Proponents of two rival local variants of digital subscriber line (DSL) service have been hurling insults at each other's technology.
While Telecom is gearing up for the commercial launch of an ADSL service in the middle of the year, Lloyd Group has connected its first customer to the Internet using MVL, a DSL variant invented by US company Paradyne for which it is the distributor. Both technologies use DSL access multiplexers (DSLAMs) connected to the telco network, and a modem.
Telecom's Graeme Rowe describes MVL, which stands for multiple virtual lines, as "an orphan technology" without standards support. "It was an early attempt at ADSL but standards are definitely pulling things in another direction."
Gallagher says MVL has just gained endorsement from the US watchdog FCC, which found that it does not cause interference on the phone network. Gallagher says no other DSL technology has been given such clearance.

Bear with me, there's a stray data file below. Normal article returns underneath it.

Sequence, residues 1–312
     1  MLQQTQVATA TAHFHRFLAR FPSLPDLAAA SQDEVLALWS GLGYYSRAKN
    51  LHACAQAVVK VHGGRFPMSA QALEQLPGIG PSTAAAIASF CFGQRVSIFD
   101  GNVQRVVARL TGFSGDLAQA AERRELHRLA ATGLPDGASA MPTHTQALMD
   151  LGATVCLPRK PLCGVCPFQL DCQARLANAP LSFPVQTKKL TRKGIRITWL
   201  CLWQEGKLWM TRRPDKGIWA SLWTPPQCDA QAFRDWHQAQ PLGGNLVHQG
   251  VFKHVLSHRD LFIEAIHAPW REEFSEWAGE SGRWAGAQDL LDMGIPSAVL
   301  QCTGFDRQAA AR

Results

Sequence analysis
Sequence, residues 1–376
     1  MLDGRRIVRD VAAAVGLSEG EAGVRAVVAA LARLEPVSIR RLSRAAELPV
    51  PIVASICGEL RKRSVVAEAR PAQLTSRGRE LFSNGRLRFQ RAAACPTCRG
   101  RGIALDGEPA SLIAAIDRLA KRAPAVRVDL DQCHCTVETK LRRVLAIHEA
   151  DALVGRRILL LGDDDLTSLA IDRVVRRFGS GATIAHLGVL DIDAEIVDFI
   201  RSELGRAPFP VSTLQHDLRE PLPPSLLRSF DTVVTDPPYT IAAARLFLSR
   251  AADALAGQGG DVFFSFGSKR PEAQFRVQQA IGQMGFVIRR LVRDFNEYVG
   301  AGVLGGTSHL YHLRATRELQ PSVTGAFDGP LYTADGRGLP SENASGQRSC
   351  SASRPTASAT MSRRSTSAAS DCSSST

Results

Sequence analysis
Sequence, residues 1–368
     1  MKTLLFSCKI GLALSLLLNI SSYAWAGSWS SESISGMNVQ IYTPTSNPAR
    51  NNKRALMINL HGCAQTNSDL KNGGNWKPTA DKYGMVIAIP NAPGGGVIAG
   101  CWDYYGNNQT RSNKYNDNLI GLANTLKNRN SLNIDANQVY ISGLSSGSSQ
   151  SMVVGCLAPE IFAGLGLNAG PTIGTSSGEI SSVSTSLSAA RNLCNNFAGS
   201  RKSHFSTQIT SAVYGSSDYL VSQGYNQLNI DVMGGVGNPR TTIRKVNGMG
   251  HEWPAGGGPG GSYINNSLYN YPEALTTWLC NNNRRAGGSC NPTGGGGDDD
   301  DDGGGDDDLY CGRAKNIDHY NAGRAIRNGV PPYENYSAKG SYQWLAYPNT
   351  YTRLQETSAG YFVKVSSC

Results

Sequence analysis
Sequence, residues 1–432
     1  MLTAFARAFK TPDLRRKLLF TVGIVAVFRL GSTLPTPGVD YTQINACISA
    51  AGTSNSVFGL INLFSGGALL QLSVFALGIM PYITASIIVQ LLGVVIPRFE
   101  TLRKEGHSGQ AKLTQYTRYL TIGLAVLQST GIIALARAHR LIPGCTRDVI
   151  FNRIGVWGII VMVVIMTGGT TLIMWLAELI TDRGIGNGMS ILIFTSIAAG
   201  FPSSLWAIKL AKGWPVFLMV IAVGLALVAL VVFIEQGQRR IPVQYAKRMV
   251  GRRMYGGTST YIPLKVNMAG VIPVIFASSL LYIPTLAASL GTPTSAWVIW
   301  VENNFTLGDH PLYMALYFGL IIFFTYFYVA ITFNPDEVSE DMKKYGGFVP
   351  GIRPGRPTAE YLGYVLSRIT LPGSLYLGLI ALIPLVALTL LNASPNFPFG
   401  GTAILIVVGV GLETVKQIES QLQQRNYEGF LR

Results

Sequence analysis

In an interview with Network World magazine (May-June issue), Gallagher claims that ADSL causes interference on all but good quality copper, whereas MVL is stable even on the lowest grade of wiring. "Because of the type of copper in the ground, if you use ADSL in this country cross-talk is going to knock half of ISDN installations all to hell."
Not so, says Telecom's Rowe. "I live a fair way from [Auckland's] Mt Albert exchange and ADSL works fine to my place.
"ADSL has been designed to work over a significant percentage of the copper networks in the world and it's achieved a high degree of penetration."